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College Hockey:
Net Benefit: Denver Claims Broadmoor Trophy

May's Second-Period Break Seals Win For Pioneers

— With little but WCHA bragging rights on the line, Denver netminder Peter Mannino and Minnesota goalie Alex Kangas put on a show.

By the time the final whistle blew, Mannino, the battle-tested senior, had bested Kangas, the outstanding freshman.

Mannino made 34 saves and allowed only one goal as the Denver Pioneers won the Broadmoor Trophy for the fifth time, knocking off Minnesota 2-1 on Saturday night at the Xcel Energy Center.

“I expected a battle tonight,” Denver coach George Gwozdecky said.

He got one. With all three goals scored in the game’s middle frame, it was a late score by Denver that was the last tally of the night.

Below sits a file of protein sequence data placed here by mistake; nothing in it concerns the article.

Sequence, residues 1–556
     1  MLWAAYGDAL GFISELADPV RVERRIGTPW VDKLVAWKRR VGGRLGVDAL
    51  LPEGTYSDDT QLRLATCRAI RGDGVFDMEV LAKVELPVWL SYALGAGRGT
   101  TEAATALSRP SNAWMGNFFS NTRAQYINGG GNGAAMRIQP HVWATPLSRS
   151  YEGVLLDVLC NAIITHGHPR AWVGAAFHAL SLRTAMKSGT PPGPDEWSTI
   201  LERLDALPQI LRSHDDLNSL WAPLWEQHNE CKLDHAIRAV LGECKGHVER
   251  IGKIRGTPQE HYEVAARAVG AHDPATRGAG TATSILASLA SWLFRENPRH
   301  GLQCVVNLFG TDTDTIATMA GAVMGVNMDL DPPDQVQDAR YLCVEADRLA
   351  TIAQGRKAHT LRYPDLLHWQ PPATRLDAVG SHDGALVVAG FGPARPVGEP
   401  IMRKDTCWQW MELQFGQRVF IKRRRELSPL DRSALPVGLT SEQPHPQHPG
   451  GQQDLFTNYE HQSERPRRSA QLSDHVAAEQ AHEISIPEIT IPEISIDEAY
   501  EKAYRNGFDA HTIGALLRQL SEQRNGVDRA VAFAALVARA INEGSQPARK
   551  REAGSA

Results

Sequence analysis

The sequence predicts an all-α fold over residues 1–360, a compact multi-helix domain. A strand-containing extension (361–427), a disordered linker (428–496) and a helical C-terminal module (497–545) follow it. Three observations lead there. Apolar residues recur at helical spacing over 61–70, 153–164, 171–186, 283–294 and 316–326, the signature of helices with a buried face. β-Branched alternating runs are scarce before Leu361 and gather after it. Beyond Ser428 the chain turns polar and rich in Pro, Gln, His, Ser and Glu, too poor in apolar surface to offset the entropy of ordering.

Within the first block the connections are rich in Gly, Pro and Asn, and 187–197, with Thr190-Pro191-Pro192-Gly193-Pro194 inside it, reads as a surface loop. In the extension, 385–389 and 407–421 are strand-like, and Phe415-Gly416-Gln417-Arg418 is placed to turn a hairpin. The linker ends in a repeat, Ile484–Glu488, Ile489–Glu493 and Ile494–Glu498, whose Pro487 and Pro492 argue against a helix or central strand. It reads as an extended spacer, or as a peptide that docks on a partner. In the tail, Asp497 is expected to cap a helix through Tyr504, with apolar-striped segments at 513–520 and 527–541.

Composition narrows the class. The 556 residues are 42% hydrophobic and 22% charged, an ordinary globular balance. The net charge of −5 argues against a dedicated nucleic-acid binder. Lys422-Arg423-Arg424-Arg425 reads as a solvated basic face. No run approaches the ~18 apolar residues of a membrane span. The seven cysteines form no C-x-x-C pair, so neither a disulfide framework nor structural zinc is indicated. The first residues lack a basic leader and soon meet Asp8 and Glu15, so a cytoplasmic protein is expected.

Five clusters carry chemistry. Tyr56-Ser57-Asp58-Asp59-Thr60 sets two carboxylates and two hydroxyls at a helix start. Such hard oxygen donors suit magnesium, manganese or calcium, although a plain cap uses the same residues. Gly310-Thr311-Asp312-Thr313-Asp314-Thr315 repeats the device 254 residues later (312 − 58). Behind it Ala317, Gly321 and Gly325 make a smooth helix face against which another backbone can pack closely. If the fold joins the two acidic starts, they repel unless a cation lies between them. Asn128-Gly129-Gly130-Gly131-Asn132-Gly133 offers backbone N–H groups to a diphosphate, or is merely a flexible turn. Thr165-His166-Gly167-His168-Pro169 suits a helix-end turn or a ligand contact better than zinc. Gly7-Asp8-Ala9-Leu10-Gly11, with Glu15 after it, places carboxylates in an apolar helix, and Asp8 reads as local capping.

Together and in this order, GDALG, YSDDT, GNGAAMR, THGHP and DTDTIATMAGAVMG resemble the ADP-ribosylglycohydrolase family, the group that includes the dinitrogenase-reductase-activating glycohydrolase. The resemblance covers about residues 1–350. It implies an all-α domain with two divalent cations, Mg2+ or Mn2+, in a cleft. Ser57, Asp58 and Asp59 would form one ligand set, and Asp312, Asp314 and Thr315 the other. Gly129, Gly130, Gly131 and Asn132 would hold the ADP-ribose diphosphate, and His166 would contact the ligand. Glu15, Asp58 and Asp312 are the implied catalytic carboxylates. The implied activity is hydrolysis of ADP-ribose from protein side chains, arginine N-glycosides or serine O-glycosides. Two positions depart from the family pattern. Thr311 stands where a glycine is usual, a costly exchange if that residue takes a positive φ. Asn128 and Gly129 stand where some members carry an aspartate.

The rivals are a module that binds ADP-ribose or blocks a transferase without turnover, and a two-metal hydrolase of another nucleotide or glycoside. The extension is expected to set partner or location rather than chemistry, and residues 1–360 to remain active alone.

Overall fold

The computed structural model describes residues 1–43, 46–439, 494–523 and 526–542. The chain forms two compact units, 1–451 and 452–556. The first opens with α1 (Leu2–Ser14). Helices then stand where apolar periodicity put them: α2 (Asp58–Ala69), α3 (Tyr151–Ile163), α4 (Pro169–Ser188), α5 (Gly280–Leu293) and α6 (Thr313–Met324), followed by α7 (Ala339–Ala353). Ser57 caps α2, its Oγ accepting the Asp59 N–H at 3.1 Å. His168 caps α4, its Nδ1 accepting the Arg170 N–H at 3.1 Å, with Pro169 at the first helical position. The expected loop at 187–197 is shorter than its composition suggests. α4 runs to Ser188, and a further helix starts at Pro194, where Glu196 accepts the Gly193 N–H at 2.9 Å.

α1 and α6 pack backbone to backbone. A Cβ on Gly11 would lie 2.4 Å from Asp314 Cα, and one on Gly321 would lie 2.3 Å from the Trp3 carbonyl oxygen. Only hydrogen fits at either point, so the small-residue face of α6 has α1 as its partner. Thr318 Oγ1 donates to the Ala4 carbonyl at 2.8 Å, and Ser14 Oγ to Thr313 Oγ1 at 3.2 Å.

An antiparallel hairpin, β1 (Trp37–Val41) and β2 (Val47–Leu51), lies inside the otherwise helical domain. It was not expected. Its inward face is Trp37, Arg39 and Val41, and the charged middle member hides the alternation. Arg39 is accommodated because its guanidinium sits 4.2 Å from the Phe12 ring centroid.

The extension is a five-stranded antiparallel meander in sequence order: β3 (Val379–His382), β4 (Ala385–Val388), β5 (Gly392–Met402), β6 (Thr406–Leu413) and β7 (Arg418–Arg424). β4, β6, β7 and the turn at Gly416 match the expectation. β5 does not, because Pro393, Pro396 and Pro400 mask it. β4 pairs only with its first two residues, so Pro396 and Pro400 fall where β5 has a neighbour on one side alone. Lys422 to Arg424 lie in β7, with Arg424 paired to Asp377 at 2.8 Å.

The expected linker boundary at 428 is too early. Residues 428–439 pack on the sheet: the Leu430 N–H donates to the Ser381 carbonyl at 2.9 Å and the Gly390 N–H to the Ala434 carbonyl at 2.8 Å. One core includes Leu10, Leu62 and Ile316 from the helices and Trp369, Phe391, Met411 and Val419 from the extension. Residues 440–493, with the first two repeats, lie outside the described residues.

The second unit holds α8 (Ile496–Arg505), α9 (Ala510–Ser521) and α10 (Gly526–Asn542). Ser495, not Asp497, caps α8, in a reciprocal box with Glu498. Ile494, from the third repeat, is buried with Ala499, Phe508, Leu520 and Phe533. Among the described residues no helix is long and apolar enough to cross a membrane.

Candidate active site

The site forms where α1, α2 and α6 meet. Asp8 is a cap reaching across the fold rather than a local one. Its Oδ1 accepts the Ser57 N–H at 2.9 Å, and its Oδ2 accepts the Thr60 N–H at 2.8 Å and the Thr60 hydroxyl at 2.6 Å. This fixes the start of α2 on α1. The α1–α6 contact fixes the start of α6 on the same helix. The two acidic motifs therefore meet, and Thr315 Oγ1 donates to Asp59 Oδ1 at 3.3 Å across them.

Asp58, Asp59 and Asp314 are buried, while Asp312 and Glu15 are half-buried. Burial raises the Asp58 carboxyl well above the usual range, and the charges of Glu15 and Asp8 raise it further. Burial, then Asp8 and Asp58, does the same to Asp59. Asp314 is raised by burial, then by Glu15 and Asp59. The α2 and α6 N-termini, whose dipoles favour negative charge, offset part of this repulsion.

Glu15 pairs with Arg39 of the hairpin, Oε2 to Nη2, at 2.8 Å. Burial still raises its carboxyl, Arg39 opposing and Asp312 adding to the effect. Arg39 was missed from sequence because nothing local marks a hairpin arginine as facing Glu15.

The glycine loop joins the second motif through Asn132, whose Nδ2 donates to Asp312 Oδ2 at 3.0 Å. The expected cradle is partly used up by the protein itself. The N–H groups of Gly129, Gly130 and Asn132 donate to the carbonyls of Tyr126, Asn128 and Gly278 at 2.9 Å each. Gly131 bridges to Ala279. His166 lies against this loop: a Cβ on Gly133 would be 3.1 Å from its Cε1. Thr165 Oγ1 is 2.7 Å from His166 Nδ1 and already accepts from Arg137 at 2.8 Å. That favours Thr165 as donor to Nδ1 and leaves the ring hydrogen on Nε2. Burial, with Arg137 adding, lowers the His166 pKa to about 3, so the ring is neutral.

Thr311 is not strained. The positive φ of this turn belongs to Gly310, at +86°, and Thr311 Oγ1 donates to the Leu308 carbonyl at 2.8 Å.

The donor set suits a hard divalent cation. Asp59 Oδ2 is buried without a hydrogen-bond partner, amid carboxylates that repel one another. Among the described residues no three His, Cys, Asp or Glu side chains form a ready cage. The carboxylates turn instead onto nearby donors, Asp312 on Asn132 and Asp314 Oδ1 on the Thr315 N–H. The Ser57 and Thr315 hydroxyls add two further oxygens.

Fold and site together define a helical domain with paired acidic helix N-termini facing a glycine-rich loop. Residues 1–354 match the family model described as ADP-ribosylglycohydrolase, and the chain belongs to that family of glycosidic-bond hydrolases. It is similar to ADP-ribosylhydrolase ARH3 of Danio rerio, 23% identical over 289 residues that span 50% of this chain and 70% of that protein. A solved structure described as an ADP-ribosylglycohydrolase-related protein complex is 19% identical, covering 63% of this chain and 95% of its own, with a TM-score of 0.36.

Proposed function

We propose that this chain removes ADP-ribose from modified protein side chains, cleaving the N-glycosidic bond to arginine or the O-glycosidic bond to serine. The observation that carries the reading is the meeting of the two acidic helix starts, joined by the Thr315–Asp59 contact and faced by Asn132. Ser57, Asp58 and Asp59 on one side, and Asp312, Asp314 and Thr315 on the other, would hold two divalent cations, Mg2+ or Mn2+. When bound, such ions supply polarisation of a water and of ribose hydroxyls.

du may goal Net Benefit: Denver Claims Broadmoor Trophy

Tom May (r.) celebrates his goal Saturday against Minnesota, which held up as the game winner (photo: Tim Brule).

Within the final minute of the second period, senior right-winger Tom May put the Pioneers ahead by doing what few have been able to accomplish lately — beating Kangas in a one-on-one battle.

May was able to elude Minnesota captain Derek Peltier and snagged himself a mini-breakaway with the score knotted at one. He faded to his right and slipped the puck between Kangas’ legs, putting the Pioneers on top for a lead they would defend for the remainder of the game.

“I got the pass from Anthony Maiani in the neutral zone,” May said. “(Peltier) came in wide and I got to the middle and just threw it on net. Got fortunate to get it five-hole.”

Minnesota came out strong early on, forcing Mannino to be sharp from the get-go, but the Gophers would soon run into penalty trouble, which swung momentum in Denver’s direction. The Pioneers heaved 15 shots on net in the first period, partially powered by three man advantages in the period, including an extended 4-on-3 opportunity that rendered several outstanding chances that Kangas kept out of the net.